Improper CMS Payments to Hospices Top $2.1 Billion in 2018

Medicare made an estimated $2.1 billion in improper fee-for-service payments to hospices during fiscal year 2018, with more than half occurring due to documentation errors, the Government Accountability Office (GAO) reported.

The GAO investigation focused solely on fee-for-service payments and did not examine Medicare’s managed care or outpatient prescription drug programs. Though the overall report relied on 2017 data, GAO included 2018 numbers for Medicare in an appendix.

GAO analyzed payment amounts and rates from Medicare and Medicaid for four selected services: hospice, home health, durable medical equipment, and laboratory.


“We selected these services based on their relatively high estimated amounts and rates of improper payments due to insufficient documentation, particularly in Medicare,” GAO indicated. “Specifically, these services accounted for $10.7 billion of $23.2 billion in Medicare improper payments due to insufficient documentation in fiscal year 2017.”

Poor documentation was the top contributing factor to improper hospice payments in 2017 as well as 2018. Documentation issues are more prevalent within Medicare than Medicaid, according to GAO. For hospice, the rate of insufficient documentation was 9 percent higher in Medicare programs than Medicaid.

This report comes at a time when regulators are narrowing their eyes towards hospice providers. CMS has stepped up its audit activity in the hospice sector in recent years. The agency in 2017 expanded its Targeted Probe and Educate (TPE program) to include hospices. And in 2016 the U.S. Department of Health and Human Services Office of the Inspector General added reviews of hospice compliance with CMS standards to its active work plan.


Among hospice providers, the most documentation common error was failure to include a physician narrative statement in documents certifying that the patient’s life expectancy was less than six months. Also, the certification documents often did not include the certification date span.

An effective physician narrative statement references clinical indicators of decline, relies on quantitative measures, provides evidence for observations about the patient’s condition, and documents the progression of any comorbidities that could impact that patient’s life expectancy, according to Debra Beaty, R.N., B.S.N., senior solution specialist for Optima Healthcare Solutions, speaking in a Home Health Care News webinar.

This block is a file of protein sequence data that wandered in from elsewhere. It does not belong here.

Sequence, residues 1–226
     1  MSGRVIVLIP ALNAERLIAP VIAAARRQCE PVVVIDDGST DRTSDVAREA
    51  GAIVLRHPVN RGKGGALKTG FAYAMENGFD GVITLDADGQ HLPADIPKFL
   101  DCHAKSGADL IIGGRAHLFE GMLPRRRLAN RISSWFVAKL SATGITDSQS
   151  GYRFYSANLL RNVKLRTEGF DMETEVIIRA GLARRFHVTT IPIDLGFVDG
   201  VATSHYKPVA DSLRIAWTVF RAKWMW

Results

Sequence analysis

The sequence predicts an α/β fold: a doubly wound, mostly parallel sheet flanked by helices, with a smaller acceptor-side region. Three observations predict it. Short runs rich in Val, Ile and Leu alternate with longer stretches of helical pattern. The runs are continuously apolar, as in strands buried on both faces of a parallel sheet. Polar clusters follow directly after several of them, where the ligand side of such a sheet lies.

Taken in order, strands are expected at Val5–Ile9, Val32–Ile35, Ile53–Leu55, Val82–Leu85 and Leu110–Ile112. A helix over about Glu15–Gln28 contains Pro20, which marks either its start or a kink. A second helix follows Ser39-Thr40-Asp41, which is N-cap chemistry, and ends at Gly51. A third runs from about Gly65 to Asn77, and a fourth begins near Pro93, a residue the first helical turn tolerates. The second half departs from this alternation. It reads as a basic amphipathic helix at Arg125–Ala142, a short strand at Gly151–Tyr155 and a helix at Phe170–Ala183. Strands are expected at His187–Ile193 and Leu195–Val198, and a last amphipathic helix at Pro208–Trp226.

Medicare Administrative Contractors, who review the documentation on behalf of CMS, evaluate narratives using local coverage designations. Therefore, Beaty recommends, physicians should refer to these designations when crafting their narrative. Hospice providers can also consult CMS guidance for completing the necessary documents.

Overall in fiscal 2018 Medicare fee-for-service programs spent $389 billion, including $32 billion in improper payments. To address the issue, GAO made four recommendations:

  1. CMS should regularly assess whether its documentation processes in Medicare and Medicaid are effective at ensuring providers are complying with coverage requirements.
  2. Medicaid medical review should lead to corrective action to address these issues, as necessary.
  3. CMS should take steps to ensure that payment error rate measurement (PERM) reviews don’t compromise fraud investigations.
  4. CMS should ensure that states are notifying PERM contractors of ongoing fraud investigations.

Responding to GAO, the Department of Health and Human Services agreed with all but the second recommendation, saying that a larger sample size for these reviews would increase the administrative burden on states to administer Medicaid.